This winter, with the help of a co-op student, the Ottawa Street BIA has been taking the time to archive many old stories and photos that were serving no purpose sitting in the basement of the BIA office. We feel it is important to share with the community, some of the history of Ottawa Street. This is the first of many posts that highlight some of the interesting stories we have discovered along our historical journey.
As I looked through the old photos, it occurred to me that the BIA streetscape looks quite different than it used to. In my 17 years here, I have seen lots of changes but the photo below baffled me. I didn’t even recognize the building! Evidently, this building used to sit on the northeast corner of Ottawa and Argyle – now the home of a used car parking lot. Some of our current store owners can still remember the fire more than 20 years ago.
At 256 Ottawa Street North, the story is more tragic. As the long time home of Kent’s Hardware and more recently Indigo Decorating, an electrical fire began in the wee hours of the morning. Soon, the building was engulfed in flames and very quickly we knew that there was no hope for this corner building. Not only was it the coldest day of the year, it’s a very humbling experience to stand and watch a building burn to the ground. I know because I did it. To the very end, the building was so reminiscent of days gone by with its signature wooden squeekly floors that gave it its charm and appeal. We are sad to report that our colleague and friend Armand who owned this building, and this empty lot, recently passed away. While the building has changed our streetscape forever, his memory is more engrained on our hearts than the building ever was.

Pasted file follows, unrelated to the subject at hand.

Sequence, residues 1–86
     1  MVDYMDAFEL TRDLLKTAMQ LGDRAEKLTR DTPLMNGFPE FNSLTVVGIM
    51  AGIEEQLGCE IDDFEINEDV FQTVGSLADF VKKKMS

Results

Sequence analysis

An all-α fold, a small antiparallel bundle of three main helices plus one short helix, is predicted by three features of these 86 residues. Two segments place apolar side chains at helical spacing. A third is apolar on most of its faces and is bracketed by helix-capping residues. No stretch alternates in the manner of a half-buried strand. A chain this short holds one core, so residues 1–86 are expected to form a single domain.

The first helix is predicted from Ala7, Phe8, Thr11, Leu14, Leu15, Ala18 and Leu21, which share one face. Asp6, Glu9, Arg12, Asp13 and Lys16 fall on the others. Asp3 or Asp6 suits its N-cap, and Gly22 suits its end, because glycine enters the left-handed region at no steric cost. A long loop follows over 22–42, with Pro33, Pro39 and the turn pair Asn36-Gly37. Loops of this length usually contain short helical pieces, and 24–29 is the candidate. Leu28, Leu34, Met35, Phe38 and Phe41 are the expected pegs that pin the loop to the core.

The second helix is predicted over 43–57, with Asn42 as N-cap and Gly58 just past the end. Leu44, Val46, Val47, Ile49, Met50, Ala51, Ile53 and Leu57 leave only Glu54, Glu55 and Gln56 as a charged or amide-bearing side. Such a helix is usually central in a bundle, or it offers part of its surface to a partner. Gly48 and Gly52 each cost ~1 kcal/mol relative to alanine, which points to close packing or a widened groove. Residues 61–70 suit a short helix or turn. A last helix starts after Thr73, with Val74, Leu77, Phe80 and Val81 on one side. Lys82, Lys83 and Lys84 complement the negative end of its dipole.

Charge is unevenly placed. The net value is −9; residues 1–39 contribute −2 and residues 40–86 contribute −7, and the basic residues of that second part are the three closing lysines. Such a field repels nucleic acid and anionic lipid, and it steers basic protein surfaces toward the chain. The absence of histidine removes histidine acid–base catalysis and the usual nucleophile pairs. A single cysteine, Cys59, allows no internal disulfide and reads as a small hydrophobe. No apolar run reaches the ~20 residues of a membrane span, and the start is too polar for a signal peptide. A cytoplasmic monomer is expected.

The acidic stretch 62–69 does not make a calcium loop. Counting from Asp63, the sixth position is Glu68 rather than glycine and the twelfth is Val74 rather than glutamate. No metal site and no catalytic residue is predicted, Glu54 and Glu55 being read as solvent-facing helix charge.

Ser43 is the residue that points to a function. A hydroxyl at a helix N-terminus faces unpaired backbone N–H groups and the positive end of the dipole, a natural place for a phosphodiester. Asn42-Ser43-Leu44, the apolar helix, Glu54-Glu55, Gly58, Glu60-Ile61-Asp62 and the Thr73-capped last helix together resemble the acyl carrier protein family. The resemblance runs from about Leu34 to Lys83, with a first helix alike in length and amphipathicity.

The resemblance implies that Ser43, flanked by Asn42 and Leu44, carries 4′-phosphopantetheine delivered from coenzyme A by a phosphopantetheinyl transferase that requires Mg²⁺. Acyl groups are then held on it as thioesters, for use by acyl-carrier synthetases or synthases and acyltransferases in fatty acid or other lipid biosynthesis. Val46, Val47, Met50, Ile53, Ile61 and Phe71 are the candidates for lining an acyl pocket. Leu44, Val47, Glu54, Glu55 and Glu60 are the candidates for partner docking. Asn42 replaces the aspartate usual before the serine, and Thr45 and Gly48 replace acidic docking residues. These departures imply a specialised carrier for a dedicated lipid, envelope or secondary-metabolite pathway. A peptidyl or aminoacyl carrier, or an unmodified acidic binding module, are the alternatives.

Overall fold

As many of you may know, this park is called East Kiwanis Place. We are proud of our association with the Kiwanis Club of Greater Hamilton. Did you know that their first ever office was on Ottawa Street? They made a financial commitment to this space and we’re so happy for their contribution to the urban culture on Ottawa Street. This space however, is the most tragic of the stories. This building too was destroyed by fire and, like the others, sits on a corner – this time on the north east corner of Ottawa and Edinburgh. While it is now the home of our homage to the textile history of Ottawa Street, a woman lost her life in the fire that destroyed the building here. I still occassionally see Tony who used to own Tony’s Auto Garage across the Street. He always reminds me of the heartbreak of the fire that day. While the incident predates my history here, it is forever tattooed on his memory. He re-tells the story of hearing the explosion and watching the front door, contents and a tenant get blasted across the street from the sheer force. He then tells of spotting the fire and running to help only to realize that he could hear the voice of a young boy calling for help. He tells me that he yelled to the boy to get to the top stairwell, that the fire trucks were there and could help. He also cries when he tells me that he spoke with that same boy’s mother, trapped under the stairwell. He was unable to get through the heat and flames to help her and eventually she stopped speaking with him. That boy survived. The mother didn’t. Tony doesn’t feel like a hero but he is in my eyes.
It’s strange to think that all three major Ottawa Street fires all destroyed corner buildings. I’m sure that’s a coincidence but a strange one at that. As we look to see the opportunity in the tragedy, we now have a beautiful urban space in East Kiwanis Place and soon, a new building at the corner of Campbell – that property has been sold and site plan applications are on their way. All commercial areas have ways of changing their Streetscapes, we just changed ours in an unusual way. But then again, we don’t always do things here that are ‘usual’. Maybe that’s the key to our success!!